472 Years Ago
The youth stood high on the verge and looked down into the copious clouds of spiralling smoke, furiously billowing upwards and merging with the morning mountainous mist. Pain, anger and helplessness tore at him, each fighting for dominance. He could hear desperate screams from below and through the fumes could make out several bright flashes as dwellings were set alight.
All was his doing.
He unsheathed a short sword. He would die with his people and answer for his sins in the afterlife.
He started his descent when he heard his name being called.
He tensed as a figure ran up the mountain but relaxed as a large man with an axe and sword appeared out of the mist.
‘What’s happening?’ the youth asked.
‘They’ve found us,’ the man replied as he leaned on his sword breathing heavily. Nempharas saw blood smeared on his clothes and his face ashen from the fire and smoke below.
The man shook his head.
Nempharas groaned and slumped to his knees as tears fell freely.
‘She must have told them Nemph,’ the man said after a few moments.
Nempharas didn’t reply but rose suddenly and took two running steps down the mountain before the man grabbed him. ‘No, you need to get away from here.’
‘I want to help!’
‘Remember what happened here. We tried to live in peace.’ The man’s voice broke for a moment restricted by emotion and sorrow. ‘Avenge us little brother.’
Nempharas stopped struggling and after a while nodded. They embraced before the man ran back down the mountain but he stopped after several paces and turned.
‘There’s only two ways to live. Rule or be ruled.’ The man gave a nod and a forlorn smile then turned and was swallowed up by the smoke.
Nempharas took a few backwards steps looking at the spot where his brother had disappeared, then turned on his heel and dashed down the opposite side of the mountain away from the noise and smoke and came onto a grassy plain, which he rushed across coming to the beginning of a small settlement. He was surprised to see so much movement this early in the morning. Many of the villagers were gathering possessions and leaving on horses, wagons and carts. Anger bit at him. They’ve heard what we are. He slowed down looking left and right desperately searching for his victim.
And then he saw her.
She was sat at the back of a moving wagon with her brother and mother, her face was averted but he recognised her cloak. It was the one he had gifted her.
A wave of fury rose within him and running towards her he screamed her name.
She turned to look back at him.
Nempharas skidded to an abrupt halt. He looked dumbfounded at a face he had never seen before.
How was this possible? Who was this girl?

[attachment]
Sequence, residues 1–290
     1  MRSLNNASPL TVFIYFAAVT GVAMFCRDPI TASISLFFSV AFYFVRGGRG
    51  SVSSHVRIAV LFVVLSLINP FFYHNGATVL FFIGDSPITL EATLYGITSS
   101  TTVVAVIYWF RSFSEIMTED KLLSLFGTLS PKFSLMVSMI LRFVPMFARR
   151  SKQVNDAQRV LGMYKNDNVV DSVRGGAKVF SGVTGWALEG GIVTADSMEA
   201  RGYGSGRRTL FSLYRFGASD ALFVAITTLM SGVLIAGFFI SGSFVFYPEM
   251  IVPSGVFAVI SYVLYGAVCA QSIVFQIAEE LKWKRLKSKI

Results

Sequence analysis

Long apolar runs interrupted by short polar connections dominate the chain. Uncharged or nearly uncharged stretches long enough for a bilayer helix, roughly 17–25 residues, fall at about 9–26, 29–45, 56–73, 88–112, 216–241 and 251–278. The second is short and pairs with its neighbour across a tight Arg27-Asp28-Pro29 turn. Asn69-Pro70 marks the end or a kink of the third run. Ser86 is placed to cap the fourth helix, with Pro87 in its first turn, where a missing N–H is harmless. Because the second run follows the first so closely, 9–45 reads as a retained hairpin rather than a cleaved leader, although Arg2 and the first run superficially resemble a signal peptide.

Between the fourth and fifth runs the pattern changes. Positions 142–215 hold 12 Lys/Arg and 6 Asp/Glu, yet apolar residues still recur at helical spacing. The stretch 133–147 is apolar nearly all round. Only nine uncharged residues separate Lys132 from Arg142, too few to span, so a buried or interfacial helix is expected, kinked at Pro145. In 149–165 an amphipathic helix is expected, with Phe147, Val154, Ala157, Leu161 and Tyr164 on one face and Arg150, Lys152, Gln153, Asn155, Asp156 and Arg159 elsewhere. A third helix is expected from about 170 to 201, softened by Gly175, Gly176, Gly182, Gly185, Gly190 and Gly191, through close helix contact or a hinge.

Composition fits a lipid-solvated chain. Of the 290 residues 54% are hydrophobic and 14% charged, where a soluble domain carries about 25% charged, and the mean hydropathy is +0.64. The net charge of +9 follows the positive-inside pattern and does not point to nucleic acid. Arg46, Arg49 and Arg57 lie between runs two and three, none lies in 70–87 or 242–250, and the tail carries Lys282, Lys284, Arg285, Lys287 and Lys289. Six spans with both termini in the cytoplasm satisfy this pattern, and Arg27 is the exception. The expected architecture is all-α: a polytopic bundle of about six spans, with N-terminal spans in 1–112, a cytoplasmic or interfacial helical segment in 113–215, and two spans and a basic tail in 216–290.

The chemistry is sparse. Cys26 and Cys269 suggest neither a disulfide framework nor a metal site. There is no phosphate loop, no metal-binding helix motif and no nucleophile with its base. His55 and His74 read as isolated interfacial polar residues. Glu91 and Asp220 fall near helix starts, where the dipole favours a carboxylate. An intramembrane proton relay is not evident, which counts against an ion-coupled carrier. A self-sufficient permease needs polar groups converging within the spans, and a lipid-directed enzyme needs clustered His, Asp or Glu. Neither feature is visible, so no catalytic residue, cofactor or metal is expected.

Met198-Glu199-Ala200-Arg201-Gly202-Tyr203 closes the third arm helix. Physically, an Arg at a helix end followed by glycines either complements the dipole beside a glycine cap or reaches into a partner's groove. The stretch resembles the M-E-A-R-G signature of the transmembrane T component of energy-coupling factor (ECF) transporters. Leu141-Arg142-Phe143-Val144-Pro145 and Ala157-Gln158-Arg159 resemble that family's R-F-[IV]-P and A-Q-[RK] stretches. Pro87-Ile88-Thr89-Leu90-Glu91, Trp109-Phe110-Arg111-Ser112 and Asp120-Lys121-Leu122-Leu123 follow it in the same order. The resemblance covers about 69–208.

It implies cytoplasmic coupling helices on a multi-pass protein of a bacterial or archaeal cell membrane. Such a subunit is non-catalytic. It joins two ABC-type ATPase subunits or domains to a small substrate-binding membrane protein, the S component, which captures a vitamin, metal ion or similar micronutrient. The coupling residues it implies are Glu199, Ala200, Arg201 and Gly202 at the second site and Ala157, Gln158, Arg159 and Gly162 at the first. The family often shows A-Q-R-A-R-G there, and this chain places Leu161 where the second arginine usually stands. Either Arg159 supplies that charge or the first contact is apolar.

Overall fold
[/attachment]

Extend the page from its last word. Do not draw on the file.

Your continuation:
Nempharas turned to see two red-garbed soldiers running towards him. He looked back at the wagon just as it turned a corner and as it disappeared from sight he felt all his fight flood from him. He could hear the soldiers getting closer but didn’t care. He’d lost his family and the girl he loved had disappeared as though she’d never existed.
The soldiers had nearly reached him.
Rule or be ruled.
His brother’s words came back to him.
He suddenly darted forward away from the outstretched clutches of the soldiers. They shouted again but Nempharas was too quick for them and he ran hard into the distance, his tears replaced by a deep cold anger; a boy no longer.
27 Years Ago
The boy ran quickly through the thick blooming undergrowth with the abandon of youth and adventure coursing through his blood. He came to a clearing and skidded smartly to a halt on his knees in front of a smaller younger child, who was sat hunched on the floor looking down at the lush grass.
‘Where do you want to go today?’ the boy asked breathing rapidly and deeply trying to calm himself. ‘Go on,’ he said bringing his hands together.
The little child looked around slowly and spoke softly, in barely a whisper. ‘Sorry.’
The nearby bushes burst apart as several scarlet garbed soldiers surged out of hiding. The first one crashed his steeled glove against the head of the elder boy slamming him backwards. The boy screamed out as two guards grabbed his hands and covered each of them in a steel contraption. The first soldier punched the boy again savagely on the side of the head, making him slump sideways.
‘Steady,’ said another soldier as he went over to the small child who had shock in his brimming eyes. ‘You did well son. You won’t ever have to see his trick again.’
The youngster didn’t answer but broke down crying. The soldiers dragged the unconscious boy away leaving the weeping child alone.
533 Years Ago
The luxurious Throne room for all its grandeur felt bleak and oppressive today for the tragedy that had just befallen. The King, a huge wide shouldered man, had broken down on a raised chair.
Another figure approached him and lay a comforting hand on him.
‘How long Dregnald,’ the King said, his voice barely coherent with anguish, ‘do we have to bury our children before this all stops?’
‘I have a plan that can change everything,’ Dregnald replied. ‘That can take away our constant fear and put us back in control. But you will need to put all you trust in me.’
The King looked at him through streaming eyes. ‘What plan?’
Dregnald paused before he replied. ‘It’s called the Relocation Agreement.’